NASCAR Power Rankings: Darlington

Jeffrey BoswellAnalyst IMay 12, 2010

Note: The quotes in this article are fictional.

Denny Hamlin

Hamlin led 104 laps in Saturday’s Showtime Southern 500 at Darlington, and capitalized on mistakes by Jeff Gordon and Jeff Burton to close out the win and capture his third triumph of the year.

Hamlin also won Friday’s Nationwide Royal Purple 200, and became the first driver to sweep the Darlington races since Mark Martin in 1993. Hamlin is now sixth in the Sprint Cup point standings, 164 out of first.

“I may need a crutch to walk, but not a broom to sweep," said Hamlin. "Jeff Gordon may be shaky in the clutch, but I’m strong on the crutch.

“Now, do the trappings of success that apply to Jimmie Johnson apply to me as well? When Jimmie strings together a dominating series of races, everyone all but hands him the Sprint Cup trophy, and makes him out to be the bad guy. I believe I’ll face a similar situation. Johnson may be heeling , while I’m healing . And when we’re on, we both drive with surgical precision.

“That’s my third win this year, and coupled with Kyle Busch’s win last week at Richmond, that’s two in a row for Joe Gibbs Racing. Does this signify a shift in power? Of course, everyone knows the lineup of Jimmie Johnson, Jeff Gordon, Mark Martin, and Dale Earnhardt, Jr. is quite formidable, and Rick Hendrick gives the team hire power. Hendrick not only can wade in his talent pool, he could drown in it.

“But JGR can hold its own. While Jimmie and Jeff have had their share of disagreements, we here at Gibbs are a cohesive unit. Oftentimes, people speak of the glue that holds a team together. Not here. This team maintains its bond via the use of magnets.”


Jeff Gordon

Gordon led a race-high 110 laps at Darlington, but a mental error again prevented a potential victory, thus extending his winless streak to 40 races.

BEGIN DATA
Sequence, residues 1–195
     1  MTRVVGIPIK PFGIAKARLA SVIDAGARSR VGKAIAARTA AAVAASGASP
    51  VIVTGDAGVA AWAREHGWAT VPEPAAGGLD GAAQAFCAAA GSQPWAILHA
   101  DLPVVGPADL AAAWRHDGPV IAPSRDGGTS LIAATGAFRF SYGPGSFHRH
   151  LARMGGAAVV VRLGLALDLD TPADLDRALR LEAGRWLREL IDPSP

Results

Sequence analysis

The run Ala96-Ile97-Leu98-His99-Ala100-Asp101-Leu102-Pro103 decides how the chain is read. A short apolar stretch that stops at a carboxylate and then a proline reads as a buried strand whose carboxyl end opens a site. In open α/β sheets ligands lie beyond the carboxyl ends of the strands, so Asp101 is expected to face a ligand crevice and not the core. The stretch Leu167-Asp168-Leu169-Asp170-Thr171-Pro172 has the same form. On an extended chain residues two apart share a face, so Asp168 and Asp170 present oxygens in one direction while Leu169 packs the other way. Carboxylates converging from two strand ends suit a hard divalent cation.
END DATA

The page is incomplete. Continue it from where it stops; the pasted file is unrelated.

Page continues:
Looking to pit before other leaders near race’s end, Gordon had to abort the move when he failed to signal drivers closing behind him.

When he pitted a lap later, David Reutimann’s spin brought out a caution, and Gordon had to rush back onto the track to avoid losing a lap.

With track position lost, Gordon eventually restarted 12th, but dashed to fourth by the end.

“Racing is often a matter of give and take, for me especially," said Gordon. "Lately, I’ve been giving away victories, then taking responsibility for it.

“Now, if I was as good at manufacturing victories as I am at making excuses, then I’d have at least five wins this year. As it is, another one bites the dust. It’s always convenient to use the music of Queen to explain the unexplainable. Now, if you throw in David Bowie with Queen, then the explanation becomes even more evident—I’m not what I used to be Under Pressure.”


Kyle Busch

Busch hit the wall in Friday’s qualifying, forcing a change to his backup car and a start at the back of the field for Saturday’s Showtime Southern 500.

Busch, in the No. 18 Doublemint Toyota, quickly stormed to the front, and led 29 laps on his way to a seventh-place finish, his sixth top 10 of the year. He remained third in the point standings, 113 behind Kevin Harvick.

“It’s never a good thing to start at the back of the field,” Busch said. “But the new, mature Kyle Busch handled it with grace and aplomb. The old, whiny Kyle would have handled it with dis grace while dropping the A -bomb . Rest assured, a year ago, if the No. 18 Doublemint car would have had to go to the back, somebody would have been chew -ed out.

“Congratulations are in order for Denny. Not everyone is aware that doctors surgically implanted a cadaver’s ligament in Denny’s injured knee. Since then, he and the Fed Ex Toyota have nearly been unstoppable. The Fed-man winning owes a lot to a dead man walking.”


Kevin Harvick

Harvick posted his series-leading eighth top-10 finish of the year when he finished sixth in the Showtime Southern 500.

Harvick extended his lead in the Sprint Cup point standings from 10 to 110 points over Jimmie Johnson, who finished 36th after a lap 179 crash.

“Again, we had a mishap on pit road with some dropped lug nuts, and I gave my crew chief Gil Martin an earful," said Harvick. "That’s called a Darlington gripe.

“I understand Old Spice won’t be renewing it’s sponsorship of Tony Stewart’s No. 14 car next year. That stinks. I’m completely sympathetic. Although my contract renewal with Richard Childress Racing is scheduled to be signed later this month, I still don’t have a sponsor for next year. I don’t proclaim to be hip, unless I’m shooting from it, but what I need right now is a sponsor to pimp my ride.”


Jimmie Johnson